Segregation And Daily Mobility, An International Comparison
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While there is a great deal of literature on the socio-economic specialization of residential spaces, little has been written about the other spaces of the city that articulate citizens’ daily lives. This paper examines urban segregation through the lens of individual everyday mobility in three cities: Lyons in France, Puebla in Mexico and Niamey in Niger. This comparison serves to highlight particularly strong trends that structure everyday patterns of activity and use of urban spaces (despite important differences of the modal shares). Between choices and constraints, citizens move in spaces that differ according to demographic, economic and geographic features. The latter are dealt with in transport household surveys carried out in each city, on which our research method is based. Urban areas of each city were selected and behaviors of individuals were studied in terms of activities and daily mobility. The study pursues two purposes: the characterization of individuals’ travel-activity patterns and the description of the relationship of these patterns to a large range of variables (individuals’ and households’ characteristics). Transport and activities behavior vary greatly according to the particular social group under study, partly because of their unequal access to means of transport. Constraints related to social and economic status are particularly relevant in explaining these differences. Gender also appears to be a central factor in the analysis of segregation in some neighborhoods of Puebla, Lyons and Niamey. An original insight into urban segregation is finally obtained, based on individuals and on activities in space and time. Keywords: urban segregation, daily mobility and activities, gender, Puebla, Niamey, Lyons.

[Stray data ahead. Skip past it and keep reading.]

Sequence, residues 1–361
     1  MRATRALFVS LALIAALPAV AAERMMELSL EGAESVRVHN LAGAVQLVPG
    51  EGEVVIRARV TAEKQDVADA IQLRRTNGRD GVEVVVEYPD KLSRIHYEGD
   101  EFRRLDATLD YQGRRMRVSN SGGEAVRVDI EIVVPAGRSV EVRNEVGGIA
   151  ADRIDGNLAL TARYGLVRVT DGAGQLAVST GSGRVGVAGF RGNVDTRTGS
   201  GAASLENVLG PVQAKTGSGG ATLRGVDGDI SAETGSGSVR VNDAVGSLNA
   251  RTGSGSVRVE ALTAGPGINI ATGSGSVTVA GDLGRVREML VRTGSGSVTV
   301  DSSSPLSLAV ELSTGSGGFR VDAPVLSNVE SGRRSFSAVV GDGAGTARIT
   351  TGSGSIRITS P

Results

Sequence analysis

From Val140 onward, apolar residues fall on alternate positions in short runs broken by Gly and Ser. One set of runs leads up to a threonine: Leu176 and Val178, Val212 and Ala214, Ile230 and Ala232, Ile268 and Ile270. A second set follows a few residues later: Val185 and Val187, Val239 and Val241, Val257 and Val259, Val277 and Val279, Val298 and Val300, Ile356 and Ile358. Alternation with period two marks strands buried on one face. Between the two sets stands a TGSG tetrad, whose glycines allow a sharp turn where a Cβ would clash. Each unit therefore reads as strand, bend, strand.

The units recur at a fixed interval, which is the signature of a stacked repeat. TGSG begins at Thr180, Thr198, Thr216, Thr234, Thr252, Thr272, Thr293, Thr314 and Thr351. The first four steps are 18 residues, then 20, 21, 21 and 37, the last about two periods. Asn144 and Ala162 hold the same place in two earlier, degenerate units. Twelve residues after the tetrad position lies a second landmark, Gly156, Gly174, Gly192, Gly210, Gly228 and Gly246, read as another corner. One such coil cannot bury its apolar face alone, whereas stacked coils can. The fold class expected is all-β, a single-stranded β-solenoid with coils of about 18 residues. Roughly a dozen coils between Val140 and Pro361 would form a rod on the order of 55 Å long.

urban segregation, daily mobility and activities, gender, Puebla, Niamey, Lyons.